As featured on p. 218 of "Bloggers on the Bus," under the name "a MyDD blogger."

Thursday, September 27, 2007

The Grass Is Always Greenspan

The bottom is starting to drop out of the housing market.

WASHINGTON (Reuters) - Sales of new single-family U.S. homes fell 8.3 percent in August to a 795,000 annual sales pace, its slowest rate in over seven years, while the inventory of homes dropped, a Commerce Department report showed on Thursday.

Analysts polled by Reuters were expecting August sales to fall to an annual rate of 830,000 from July's previously reported rate of 870,000, which was revised to 867,000. The August sales pace was the slowest since a 793,000 rate in June 2000.

Some analysts blamed new, tough mortgage standards for part of the sales decline.

"A lot of people who were close to making deals or actually in contract to buy found it more difficult to get financing," said Michael Bizenov, president of Sterling National Mortgage, Sterling Bancorp in New York.

Meanwhile, the supply of unsold homes is at an 18-year high. All of which is happening while Alan Greenspan is hawking books and sipping cocktails.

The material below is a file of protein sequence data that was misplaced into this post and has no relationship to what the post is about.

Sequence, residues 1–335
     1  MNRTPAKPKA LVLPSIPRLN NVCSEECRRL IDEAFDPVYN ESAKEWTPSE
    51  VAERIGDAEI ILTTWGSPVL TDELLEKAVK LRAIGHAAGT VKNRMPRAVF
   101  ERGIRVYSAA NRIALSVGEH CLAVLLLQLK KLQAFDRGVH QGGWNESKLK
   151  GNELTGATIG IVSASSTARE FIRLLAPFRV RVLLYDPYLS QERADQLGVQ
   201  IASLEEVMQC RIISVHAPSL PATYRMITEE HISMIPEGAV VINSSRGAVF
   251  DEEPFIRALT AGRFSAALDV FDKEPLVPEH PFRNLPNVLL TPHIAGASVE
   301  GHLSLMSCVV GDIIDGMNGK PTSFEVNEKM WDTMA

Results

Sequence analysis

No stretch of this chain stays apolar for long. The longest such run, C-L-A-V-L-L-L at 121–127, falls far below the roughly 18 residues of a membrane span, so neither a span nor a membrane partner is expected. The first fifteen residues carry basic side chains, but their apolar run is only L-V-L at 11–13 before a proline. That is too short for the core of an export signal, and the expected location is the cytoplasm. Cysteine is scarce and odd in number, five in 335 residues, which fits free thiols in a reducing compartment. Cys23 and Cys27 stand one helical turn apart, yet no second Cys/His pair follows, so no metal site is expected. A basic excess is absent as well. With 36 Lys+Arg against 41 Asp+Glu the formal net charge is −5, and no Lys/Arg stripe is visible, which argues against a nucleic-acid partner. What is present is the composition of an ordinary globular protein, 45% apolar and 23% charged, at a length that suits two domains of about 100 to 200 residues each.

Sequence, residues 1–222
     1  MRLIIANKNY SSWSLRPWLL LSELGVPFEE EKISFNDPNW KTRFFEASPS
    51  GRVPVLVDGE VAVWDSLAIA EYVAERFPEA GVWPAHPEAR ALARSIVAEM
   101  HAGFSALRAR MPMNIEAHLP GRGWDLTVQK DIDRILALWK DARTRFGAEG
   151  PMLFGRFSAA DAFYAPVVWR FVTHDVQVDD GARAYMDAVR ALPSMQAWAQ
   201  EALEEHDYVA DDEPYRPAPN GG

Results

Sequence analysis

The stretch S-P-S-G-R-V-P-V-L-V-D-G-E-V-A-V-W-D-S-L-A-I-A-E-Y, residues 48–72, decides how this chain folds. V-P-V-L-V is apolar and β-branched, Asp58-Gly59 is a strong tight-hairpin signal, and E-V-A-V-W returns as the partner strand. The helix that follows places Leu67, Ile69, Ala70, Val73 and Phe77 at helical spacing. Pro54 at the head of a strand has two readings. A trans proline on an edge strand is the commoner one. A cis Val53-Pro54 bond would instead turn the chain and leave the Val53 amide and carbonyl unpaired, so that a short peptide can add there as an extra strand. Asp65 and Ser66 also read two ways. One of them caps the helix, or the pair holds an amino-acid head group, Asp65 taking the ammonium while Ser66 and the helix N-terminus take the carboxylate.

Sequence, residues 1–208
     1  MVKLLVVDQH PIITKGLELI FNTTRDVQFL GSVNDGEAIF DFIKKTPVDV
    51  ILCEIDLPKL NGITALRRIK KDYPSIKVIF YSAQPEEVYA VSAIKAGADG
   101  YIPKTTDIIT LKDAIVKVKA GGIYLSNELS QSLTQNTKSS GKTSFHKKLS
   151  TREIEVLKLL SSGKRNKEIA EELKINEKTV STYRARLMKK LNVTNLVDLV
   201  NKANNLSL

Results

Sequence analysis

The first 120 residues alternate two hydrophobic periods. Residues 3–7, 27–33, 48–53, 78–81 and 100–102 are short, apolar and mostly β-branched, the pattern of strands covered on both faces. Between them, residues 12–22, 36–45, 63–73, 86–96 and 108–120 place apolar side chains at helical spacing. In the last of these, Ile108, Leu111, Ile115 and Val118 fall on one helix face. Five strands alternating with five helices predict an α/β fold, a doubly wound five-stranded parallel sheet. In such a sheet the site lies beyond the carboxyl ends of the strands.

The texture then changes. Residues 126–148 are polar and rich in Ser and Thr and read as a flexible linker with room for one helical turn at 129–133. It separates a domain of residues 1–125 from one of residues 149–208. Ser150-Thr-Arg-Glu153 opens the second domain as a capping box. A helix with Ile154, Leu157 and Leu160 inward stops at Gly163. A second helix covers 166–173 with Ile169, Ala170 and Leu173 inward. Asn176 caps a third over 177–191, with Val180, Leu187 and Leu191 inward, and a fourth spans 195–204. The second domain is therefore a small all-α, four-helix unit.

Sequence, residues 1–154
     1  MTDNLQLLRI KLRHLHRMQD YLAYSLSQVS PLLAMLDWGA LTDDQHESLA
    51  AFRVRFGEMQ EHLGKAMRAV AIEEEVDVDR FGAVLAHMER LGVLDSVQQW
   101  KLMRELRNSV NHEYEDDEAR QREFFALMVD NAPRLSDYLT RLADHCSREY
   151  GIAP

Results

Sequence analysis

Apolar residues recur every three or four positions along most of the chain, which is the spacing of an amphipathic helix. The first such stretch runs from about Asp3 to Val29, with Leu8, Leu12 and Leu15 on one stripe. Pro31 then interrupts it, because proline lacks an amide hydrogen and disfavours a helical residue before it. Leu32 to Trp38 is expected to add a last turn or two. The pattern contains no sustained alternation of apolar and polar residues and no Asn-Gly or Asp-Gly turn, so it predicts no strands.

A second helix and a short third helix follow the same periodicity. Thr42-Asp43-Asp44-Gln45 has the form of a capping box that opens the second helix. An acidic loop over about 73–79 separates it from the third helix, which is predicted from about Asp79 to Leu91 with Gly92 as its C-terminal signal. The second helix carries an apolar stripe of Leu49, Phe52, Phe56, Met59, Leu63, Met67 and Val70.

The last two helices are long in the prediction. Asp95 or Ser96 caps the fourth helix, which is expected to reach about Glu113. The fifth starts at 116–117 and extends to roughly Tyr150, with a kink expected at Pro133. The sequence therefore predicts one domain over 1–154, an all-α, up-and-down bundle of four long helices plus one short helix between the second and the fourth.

Alan Greenspan says there's nothing he could have done about the housing bubble. Monetary levers are too crude to do any good, and the least worst option is to let the bubble collapse on its own and then pick up the pieces afterward.

Maybe so. But that still doesn't explain why Greenspan cheered on the bubble back in 2004.

Greenspan, of course, not only loved the housing bubble, but loved the Bush tax cuts before deciding that they weren't working for the larger economy. Apparently Greenspan the author isn't acquainted with Greenspan the Republican hack.

By contrast, Naomi Klein's new book is really interesting:

Meanwhile, the book that should be in the spotlight is The Shock Doctrine.

It's a brilliant dissection of what Naomi Klein calls "disaster capitalism," an economic philosophy born half a century ago at the University of Chicago under Milton Friedman. It holds that the best time to institute radical free-market policies is in the aftermath of a massive social crisis, such as a terrorist attack, a war, or a natural disaster like Katrina.

Klein shows how the crony capitalists running the Bush administration saw post-invasion Iraq as the perfect proving ground for all their pet free-market policies. The fantasy was that a privitazied and corporatized Iraq would become a free-market utopia that would spread the gospel of the market throughout the Middle East. Democracy would reign, and Halliburton and Bechtel would stand supreme.

After the tsunami in Southeast Asia, there was a land grab. After Katrina in New Orleans, developers tried to eliminate prevailing wage. The plan is seeing disaster as opportunity. And Klein hammered Greenspan on Democracy Now about all of this, including his curious line that we had to get Saddam out because he could have held up the world's oil supply.

Are you aware that, according to the Hague Regulations and the Geneva Conventions, it is illegal for one country to invade another over its natural resources?


Labels: , , , , , ,